(Physical) data independence has already been addressed by Codd, stating that application programs should be independent of the growth in data types and changes in data representations. Hellerstein extends on this: Whenever the environment is changing quicker than the application running on it, declarative infrastructure should be used such that the environment system can recompile without affecting the application. The changing environment refers to four types of variation of data:

  • Data representations: Data can be represented with data structures using density, sparsity, or compression. Sparsity can be exploited by ML pipeline steps ranging from algorithms to hardware.
  • Data placement: Data can be placed locally or in a distributed fashion. A spectrum of hardware accelerators with differing performance, reconfigurability, energy efficiency can be used.
  • Data (value) types: Different vendors introduced specialized data types, e.g., for floating point representations.
  • Data modalities: An increasing number of modalities (such as text, time series, image, and speech) and their associated data structures have to be dealt with.

Whenever the environment (representation, placement, types, modalities of data) is changing quicker than the application running on it, declarative infrastructure should be used.

1. Apache SystemDS

Apache SystemDS serves as an example of a data-independent machine-learning system. The system embraces changing backends, such as transitioning from MapReduce to Spark, by implementing algorithms in an implementation-agnostic manner. This adaptability is facilitated by a domain-specific language (DML) with an R-like syntax and abstract data types, shielding algorithms from the impact of backend changes. Additionally, the system features an optimizing compiler that generates hybrid runtime plans, seamlessly combining local and distributed operations for optimal performance. SystemDS extends its versatility by supporting various backends like Flink, GPUs, and emerging federated learning.

The optimizing compiler translates hardware-independent DML scripts to hybrid query plans in a “Write once, run anywhere” fashion.


It was forked from IBM's open-sourced SystemML that went through the Apache Incubator to an Apache Top-Level Project. The fork was rescoped to meet the end-to-end data science lifecycle requirements and was later invited to be merged back into SystemML, which was then renamed to SystemDS. Serving as an umbrella project, SystemDS integrates research efforts. It introduces built-in functions through its domain-specific language, offering users enhanced abstractions and routing to superior algorithms, with the compiler efficiently collapsing these abstractions into efficient execution plans.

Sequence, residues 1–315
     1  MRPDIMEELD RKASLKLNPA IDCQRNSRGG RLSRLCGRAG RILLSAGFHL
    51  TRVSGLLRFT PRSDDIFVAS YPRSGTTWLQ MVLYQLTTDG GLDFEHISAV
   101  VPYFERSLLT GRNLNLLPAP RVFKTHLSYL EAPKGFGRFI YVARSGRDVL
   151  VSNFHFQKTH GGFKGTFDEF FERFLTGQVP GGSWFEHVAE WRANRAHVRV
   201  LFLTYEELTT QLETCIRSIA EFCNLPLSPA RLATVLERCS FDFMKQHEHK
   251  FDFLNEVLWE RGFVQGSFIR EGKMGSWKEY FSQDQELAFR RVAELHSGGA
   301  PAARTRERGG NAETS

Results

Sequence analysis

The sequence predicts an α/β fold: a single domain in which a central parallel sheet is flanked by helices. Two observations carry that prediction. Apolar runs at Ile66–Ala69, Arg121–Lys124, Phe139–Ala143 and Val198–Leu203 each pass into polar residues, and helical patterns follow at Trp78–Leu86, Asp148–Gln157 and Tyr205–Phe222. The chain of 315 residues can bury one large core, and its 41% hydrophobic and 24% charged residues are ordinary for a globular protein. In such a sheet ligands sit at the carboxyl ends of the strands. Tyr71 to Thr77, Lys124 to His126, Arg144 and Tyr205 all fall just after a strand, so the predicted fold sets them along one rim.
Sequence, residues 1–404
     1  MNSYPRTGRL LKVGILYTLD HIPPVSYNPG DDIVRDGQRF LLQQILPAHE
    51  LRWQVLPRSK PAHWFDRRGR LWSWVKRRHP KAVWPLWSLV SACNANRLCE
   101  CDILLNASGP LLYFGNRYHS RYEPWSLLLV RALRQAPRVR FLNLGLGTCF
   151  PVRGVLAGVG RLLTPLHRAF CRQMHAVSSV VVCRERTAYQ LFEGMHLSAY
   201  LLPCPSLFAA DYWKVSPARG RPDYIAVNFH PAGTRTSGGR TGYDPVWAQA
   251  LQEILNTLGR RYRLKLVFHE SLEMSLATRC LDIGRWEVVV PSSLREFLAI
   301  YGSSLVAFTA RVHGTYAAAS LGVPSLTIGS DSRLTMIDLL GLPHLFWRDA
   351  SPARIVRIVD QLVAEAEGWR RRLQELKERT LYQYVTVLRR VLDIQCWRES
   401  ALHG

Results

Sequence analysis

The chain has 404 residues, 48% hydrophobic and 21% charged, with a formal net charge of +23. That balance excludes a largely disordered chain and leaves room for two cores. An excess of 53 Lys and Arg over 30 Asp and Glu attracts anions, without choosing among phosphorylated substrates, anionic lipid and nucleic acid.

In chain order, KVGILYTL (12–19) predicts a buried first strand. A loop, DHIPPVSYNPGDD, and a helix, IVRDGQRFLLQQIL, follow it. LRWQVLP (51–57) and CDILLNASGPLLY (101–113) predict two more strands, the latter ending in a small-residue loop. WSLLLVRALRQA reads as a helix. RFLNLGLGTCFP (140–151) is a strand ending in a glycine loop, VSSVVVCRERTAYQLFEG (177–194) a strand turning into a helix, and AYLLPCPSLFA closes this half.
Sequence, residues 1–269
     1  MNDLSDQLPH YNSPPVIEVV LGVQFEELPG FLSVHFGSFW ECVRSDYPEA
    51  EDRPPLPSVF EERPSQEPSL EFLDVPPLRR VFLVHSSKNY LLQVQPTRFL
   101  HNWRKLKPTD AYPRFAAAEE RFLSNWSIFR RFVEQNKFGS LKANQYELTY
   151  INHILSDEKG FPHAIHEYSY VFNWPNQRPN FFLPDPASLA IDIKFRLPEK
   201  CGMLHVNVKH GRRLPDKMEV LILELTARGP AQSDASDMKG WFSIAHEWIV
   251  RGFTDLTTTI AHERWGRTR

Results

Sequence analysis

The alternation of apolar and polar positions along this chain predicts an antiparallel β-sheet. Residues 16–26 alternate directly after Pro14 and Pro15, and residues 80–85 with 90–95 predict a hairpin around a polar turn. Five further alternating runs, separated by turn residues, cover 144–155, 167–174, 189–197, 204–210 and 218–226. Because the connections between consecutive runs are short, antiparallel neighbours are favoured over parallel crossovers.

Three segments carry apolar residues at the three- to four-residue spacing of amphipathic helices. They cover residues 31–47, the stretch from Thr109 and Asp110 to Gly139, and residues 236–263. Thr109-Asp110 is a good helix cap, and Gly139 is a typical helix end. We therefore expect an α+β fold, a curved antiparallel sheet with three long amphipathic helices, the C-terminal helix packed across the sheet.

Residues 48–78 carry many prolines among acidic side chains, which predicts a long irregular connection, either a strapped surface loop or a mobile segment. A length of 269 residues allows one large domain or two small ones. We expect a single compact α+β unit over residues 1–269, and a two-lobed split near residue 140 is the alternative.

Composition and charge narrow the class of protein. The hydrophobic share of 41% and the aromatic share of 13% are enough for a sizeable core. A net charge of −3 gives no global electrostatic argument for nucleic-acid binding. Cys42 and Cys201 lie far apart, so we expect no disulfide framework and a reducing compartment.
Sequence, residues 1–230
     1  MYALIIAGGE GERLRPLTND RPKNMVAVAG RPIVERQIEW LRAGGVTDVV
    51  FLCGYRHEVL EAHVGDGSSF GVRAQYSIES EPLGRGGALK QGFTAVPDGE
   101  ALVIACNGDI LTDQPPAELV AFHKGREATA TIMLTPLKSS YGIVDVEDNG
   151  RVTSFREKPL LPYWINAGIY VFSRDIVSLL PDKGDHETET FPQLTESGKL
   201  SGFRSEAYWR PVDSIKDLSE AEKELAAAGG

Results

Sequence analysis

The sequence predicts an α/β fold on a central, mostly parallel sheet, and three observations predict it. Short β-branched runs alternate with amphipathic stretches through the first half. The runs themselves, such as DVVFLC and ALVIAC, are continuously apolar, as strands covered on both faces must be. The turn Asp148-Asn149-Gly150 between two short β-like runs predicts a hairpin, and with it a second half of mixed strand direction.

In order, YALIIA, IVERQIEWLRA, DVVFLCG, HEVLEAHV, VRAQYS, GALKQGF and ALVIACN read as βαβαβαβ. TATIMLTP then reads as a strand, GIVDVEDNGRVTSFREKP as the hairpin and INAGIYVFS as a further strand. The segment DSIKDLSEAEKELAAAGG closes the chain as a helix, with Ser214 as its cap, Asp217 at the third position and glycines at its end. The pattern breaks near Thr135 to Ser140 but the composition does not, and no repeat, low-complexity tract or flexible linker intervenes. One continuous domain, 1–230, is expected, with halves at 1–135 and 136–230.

2. Multi-level Lineage Tracing & Reuse

To enable multi-level lineage tracing and reuse in data-centric ML pipelines, the framework dynamically traces the lineage during the execution of individual operations, capturing the provenance of how intermediate results were computed, even in the cases of non-determinism. A lineage graph is constructed for every live variable, providing a comprehensive representation of the sequence of operations involved and offering insights into the computational history of variables. The generated lineage graph can be serialized into a log, enabling easy sharing and collaboration among team members to simplify debugging by capturing the entire history of computations leading to specific results. Furthermore, the serialized lineage graph can be deserialized and used to reconstruct the program, ensuring that it yields the same intermediates with the same inputs, including stored seeds, thus fostering reproducibility. This approach not only enables full reuse of intermediates, eliminating the need for redundant computations but also allows for selective partial reuse. Particularly valuable in scenarios where larger models were already trained for some features, partial reuse facilitates training additional features without recomputing the entire model, optimizing computational efficiency in data-centric ML pipelines.

3. Compressed Linear Algebra Extended

Compressed Linear Algebra Extended plays an essential role in data-centric ML pipelines. By introducing a sophisticated lossless compression framework across multiple tiers, it addresses the challenge of accommodating large datasets into memory. This versatility extends to single-node configurations, distributed clusters with distributed caching, and hardware accelerators. Notably, the system executes linear algebra operations directly on the compressed data representation, similar to query processing on compressed data structures. Emphasizing redundancy exploitation, it efficiently manages both data redundancy, exemplified by distinct values, and structural redundancy, evident in recurring patterns within the data. Operating in a workload-aware manner, the system chooses its compression strategy based on user scripts executing linear algebra primitives. When data fits into memory, a lighter compression is applied to enhance computation speed, while stronger compression is utilized when data exceeds cache capacities for optimal caching efficiency. An example of such compression is dense dictionary coding, a technique adept at encoding data, reducing redundancy, and improving compression ratios.